public transport

Public transport: better than motorways, and not just for congestion

WestConnex is a $17 billion, 33 kilometre toll road proposed by the New South Wales government and backed by the federal government. Its tunnels, multi-layered interchanges and four to six lane highways will cut a swathe through the inner west of Sydney.

Pauline Lockie is a spokesperson for the WestConnex Action Group, one of the groups opposing the project. This is an edited version of a speech she gave at the Rally for Fair Fares in Sydney on June 21.

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Victorian budget neglects housing crisis

The Victorian budget, presented by Treasurer Tim Pallas on April 27, is in surplus, due largely to a big increase in stamp duty revenue, to a record $6 billion a year.

This revenue is a result of Melbourne's real estate boom. House prices have been rising rapidly. But the number of homeless people has also been rising rapidly. There has been a marked increase in the number of homeless people begging on the streets.

myki's attack on the poor

A recent study, led by Victoria University and West Justice Youth Office, has revealed that students from low socioeconomic families cannot afford to travel on public transport, or pay the fines they incur for travelling without a valid myki card.

West Justice chief executive Denis Nelthorpe said: “Up to 80,000 Victorian students a year were unable to pay fines, resulting in many of them skipping school.”

Melbourne’s East West Link – not dead yet

Many Victorians had hoped the election of a state Labor government signaled an end to the East West Link and the dawn of a new age of public transport projects, with the Andrews government committing to start building the $11 billion Metro Rail Project in 2018.

Now, federal Liberal MPs from Melbourne’s outer east are trying to resuscitate the East West Link. On August 8 they held a small rally with the demand “Build the Link”.

New battle front against WestCONnex

A new front in the battle against WestCONnex has opened up with the beginning of preparatory works at the Alexandria Landfill adjacent to Sydney Park in the inner west suburb of St Peters.

The landfill was chosen last year to be the site of a WestCONnex interchange, spewing anywhere between 30,000 to 100,000 cars a day into congested inner south-west streets.

Nearby residents are in uproar when they found out last week that asbestos would be removed. This is despite the Environmental Impact Statement not having been released, or approval granted, for that stage of WestCONnex.

Lessons for the No WestConnex campaign

"No West Connex: Public transport is the answer," was the theme of a public forum sponsored by Green Left Weekly on March 17 at the Sydney CBD Resistance Centre. Up to 30 people gathered to hear Sue Bolton, Socialist Alliance councillor from Moreland, Melbourne, and Chris Elenor, No WestCONnex activist, discuss issues surrounding the huge toll road projects being pushed in Australia's major cities.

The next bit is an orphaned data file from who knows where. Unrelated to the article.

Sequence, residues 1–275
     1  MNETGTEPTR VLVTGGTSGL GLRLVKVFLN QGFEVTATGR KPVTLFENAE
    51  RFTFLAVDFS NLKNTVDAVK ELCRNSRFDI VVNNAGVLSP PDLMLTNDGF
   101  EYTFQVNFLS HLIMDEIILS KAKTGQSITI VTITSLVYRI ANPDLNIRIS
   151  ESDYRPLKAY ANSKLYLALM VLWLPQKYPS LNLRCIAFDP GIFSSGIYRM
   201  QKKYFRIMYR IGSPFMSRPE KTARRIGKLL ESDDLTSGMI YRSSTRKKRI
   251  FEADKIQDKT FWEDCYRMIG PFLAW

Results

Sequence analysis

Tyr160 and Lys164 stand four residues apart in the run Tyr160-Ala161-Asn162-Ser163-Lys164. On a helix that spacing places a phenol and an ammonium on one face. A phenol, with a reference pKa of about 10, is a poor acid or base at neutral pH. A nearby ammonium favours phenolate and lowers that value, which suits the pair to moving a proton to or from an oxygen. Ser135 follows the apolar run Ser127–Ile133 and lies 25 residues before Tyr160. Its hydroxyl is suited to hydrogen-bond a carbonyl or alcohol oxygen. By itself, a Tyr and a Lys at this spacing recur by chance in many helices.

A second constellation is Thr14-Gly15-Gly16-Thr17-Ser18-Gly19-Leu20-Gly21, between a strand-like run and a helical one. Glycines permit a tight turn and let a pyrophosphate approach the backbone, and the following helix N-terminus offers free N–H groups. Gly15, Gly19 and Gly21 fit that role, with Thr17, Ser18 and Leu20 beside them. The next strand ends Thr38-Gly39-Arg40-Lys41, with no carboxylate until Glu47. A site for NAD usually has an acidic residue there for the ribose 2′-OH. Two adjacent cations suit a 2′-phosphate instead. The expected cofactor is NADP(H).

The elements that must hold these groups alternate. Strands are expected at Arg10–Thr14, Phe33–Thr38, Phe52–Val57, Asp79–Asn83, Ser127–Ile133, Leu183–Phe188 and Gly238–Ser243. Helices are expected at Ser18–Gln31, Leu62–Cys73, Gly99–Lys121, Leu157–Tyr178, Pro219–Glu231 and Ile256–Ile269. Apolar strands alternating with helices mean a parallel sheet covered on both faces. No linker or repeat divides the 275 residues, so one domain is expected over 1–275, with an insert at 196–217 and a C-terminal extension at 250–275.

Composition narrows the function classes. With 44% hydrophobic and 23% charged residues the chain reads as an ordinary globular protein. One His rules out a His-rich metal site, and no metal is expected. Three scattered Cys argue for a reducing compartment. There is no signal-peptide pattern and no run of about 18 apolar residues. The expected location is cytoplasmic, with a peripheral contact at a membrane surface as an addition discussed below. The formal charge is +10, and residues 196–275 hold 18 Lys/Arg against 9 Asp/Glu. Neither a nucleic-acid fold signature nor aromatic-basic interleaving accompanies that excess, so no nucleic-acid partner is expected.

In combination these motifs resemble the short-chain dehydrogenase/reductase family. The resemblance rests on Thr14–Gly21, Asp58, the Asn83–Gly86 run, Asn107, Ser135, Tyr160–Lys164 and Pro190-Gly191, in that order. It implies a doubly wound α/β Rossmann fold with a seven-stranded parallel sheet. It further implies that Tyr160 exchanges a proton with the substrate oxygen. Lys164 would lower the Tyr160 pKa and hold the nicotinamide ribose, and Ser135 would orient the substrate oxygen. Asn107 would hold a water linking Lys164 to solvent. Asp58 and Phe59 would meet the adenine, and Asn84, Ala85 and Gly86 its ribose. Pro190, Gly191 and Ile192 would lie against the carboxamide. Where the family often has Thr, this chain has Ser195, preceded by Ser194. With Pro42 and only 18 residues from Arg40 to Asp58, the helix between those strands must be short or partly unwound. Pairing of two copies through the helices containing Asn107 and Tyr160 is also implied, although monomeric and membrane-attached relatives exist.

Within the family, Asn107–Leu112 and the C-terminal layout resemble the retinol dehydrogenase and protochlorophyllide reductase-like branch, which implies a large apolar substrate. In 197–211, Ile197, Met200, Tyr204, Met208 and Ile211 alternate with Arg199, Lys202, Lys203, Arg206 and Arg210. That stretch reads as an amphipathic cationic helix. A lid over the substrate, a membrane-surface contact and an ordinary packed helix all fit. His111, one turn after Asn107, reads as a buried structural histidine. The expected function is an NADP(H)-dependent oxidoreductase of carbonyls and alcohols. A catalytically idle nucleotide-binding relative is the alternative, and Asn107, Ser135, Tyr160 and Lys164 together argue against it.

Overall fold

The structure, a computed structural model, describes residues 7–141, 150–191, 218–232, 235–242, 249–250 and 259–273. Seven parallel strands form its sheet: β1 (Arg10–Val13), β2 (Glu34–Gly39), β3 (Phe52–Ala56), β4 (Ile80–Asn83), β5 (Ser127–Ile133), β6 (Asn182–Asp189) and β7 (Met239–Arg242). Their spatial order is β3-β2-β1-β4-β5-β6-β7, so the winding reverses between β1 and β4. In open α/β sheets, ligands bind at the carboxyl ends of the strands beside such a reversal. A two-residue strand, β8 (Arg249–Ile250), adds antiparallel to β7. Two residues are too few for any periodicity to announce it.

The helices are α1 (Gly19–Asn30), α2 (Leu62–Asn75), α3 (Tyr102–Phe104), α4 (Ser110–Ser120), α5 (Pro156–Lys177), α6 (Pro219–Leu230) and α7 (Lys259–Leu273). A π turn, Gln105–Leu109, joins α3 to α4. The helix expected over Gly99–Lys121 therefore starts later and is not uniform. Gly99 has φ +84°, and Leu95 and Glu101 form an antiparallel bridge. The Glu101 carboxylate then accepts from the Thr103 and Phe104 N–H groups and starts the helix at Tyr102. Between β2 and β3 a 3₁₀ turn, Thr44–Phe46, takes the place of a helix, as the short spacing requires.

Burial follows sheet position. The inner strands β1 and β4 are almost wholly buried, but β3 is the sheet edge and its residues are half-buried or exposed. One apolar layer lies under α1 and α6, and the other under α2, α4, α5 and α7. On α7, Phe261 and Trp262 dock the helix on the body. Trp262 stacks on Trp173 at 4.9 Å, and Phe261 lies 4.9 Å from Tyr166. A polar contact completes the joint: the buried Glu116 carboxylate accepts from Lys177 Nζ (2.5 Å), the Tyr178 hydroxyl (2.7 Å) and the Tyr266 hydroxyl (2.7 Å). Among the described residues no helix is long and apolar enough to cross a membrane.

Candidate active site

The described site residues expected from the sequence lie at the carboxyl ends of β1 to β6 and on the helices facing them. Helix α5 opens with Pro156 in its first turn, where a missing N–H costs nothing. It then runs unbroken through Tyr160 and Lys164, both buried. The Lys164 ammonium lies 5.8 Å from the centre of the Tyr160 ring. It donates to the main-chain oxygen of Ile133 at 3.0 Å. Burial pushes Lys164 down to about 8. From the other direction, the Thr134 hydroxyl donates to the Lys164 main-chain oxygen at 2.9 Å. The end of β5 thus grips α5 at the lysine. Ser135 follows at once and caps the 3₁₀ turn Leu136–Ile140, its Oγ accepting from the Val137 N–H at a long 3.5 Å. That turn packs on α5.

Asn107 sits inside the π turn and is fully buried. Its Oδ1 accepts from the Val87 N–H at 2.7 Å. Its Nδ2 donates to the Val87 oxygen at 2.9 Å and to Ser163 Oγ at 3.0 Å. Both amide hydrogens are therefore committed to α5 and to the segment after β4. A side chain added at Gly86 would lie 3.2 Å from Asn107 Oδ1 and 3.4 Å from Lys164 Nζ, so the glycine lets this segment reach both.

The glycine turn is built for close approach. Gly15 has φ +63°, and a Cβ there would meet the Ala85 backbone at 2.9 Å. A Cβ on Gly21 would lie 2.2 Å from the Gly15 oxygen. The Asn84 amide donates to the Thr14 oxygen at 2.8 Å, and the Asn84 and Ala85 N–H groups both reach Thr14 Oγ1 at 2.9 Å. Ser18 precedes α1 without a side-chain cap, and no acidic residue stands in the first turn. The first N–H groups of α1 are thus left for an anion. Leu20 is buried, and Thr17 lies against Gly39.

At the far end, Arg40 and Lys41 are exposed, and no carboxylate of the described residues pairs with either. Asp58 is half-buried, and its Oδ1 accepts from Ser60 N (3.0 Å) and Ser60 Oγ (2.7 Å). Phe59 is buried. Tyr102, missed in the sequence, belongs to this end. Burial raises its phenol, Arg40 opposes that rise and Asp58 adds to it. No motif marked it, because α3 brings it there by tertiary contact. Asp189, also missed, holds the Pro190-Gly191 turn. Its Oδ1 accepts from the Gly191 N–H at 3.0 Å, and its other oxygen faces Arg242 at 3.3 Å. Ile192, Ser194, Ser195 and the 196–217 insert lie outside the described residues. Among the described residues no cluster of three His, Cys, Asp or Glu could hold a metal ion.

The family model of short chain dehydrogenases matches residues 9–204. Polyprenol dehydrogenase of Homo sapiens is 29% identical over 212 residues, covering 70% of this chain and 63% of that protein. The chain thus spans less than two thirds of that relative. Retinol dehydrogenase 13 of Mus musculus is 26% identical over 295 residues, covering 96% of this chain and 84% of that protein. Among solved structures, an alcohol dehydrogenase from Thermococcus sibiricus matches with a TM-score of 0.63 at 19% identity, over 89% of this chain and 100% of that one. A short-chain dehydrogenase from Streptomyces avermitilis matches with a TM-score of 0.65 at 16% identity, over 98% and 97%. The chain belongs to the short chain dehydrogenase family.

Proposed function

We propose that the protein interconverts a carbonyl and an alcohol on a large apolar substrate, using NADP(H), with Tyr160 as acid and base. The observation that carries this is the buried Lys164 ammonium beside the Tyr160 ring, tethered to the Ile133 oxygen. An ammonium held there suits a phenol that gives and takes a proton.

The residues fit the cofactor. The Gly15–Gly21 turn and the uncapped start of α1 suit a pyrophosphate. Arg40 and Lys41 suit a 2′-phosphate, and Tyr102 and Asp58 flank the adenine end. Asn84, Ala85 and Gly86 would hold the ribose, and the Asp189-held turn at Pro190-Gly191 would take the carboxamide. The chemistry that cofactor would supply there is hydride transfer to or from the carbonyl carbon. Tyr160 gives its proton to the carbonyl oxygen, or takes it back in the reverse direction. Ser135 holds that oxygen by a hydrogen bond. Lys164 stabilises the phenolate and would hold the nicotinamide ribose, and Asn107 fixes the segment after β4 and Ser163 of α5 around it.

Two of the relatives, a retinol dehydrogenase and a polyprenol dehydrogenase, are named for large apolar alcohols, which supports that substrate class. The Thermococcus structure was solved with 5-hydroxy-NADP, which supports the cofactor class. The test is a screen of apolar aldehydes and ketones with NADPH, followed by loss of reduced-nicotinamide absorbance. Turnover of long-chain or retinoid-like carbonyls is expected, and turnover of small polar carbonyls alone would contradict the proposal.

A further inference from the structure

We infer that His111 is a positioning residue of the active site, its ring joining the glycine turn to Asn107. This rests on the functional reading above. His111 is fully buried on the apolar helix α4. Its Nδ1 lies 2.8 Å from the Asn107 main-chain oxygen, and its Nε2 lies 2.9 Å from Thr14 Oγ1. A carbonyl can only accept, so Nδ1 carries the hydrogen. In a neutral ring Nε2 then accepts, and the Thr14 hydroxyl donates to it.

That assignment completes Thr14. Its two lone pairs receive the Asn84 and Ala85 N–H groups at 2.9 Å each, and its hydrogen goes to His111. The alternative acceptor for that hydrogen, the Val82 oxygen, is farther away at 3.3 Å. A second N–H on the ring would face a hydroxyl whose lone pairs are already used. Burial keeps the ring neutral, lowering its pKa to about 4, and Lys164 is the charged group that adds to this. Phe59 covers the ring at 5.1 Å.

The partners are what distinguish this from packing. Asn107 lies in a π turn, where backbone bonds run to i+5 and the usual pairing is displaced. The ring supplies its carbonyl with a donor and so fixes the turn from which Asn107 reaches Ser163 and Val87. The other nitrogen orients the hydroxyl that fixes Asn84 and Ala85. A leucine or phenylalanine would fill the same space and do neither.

Thousands march to stop WestConnex motorway

About 3000 people marched through Sydney's inner-west suburbs of Newtown and St Peters on February 1 to show their opposition to the $12 billion WestConnex motorway project.

The project would destroy 80 homes and bulldoze sections of six local parks. Iconic Sydney Park is projected to lose 12,000 square metres of green space.

WestConnex Action Group and Reclaim the Streets organised the rally.

Last train out of Newcastle

It’s 8pm and I’m sitting in the main section of the carriage. A weathered, middle-aged man in a tracksuit and peak hat is swaying around by the doors, muttering. I watch him out of the corner of my eye as he ambles over.

“How’s it going?” He slurs.

“Yeah good mate.”

The train soon shudders to a stop, the doors open and he springs out like some manic racehorse into the night.

Why unions should oppose Melbourne's East West Link

Three quarters of Victorians believe improvements in public transport are more important than the construction of the East West Link.

Although its stated aim is to ease congestion, in particular on one of Melbourne’s most congested roads, a government report revealed late last year that it would actually attract more cars and trucks and consequently increase traffic.

Two Melbourne councils challenge East West Link

The campaign against the East West Link received a boost on July 18 when the Moreland Council voted to take legal action against the Victorian state government in the Supreme Court in a bid to overturn planning minister Matthew Guy’s approval of the unpopular motorway.

The proposed East West Link is an 18-kilometre tollway between the Eastern Freeway in Collingwood and the Western Ring Road in Sunshine West.

In a special meeting, the councillors voted six to two to take the legal action, challenging the process by which the minister made the decision to give the project a green light.

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